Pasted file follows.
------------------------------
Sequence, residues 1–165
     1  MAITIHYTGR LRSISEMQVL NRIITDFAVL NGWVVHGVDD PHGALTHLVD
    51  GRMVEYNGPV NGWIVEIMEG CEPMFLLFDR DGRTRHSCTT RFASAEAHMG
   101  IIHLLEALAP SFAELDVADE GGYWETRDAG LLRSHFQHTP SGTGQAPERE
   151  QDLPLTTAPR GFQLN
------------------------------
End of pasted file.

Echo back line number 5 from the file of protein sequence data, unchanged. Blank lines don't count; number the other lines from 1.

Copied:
   151  QDLPLTTAPR GFQLN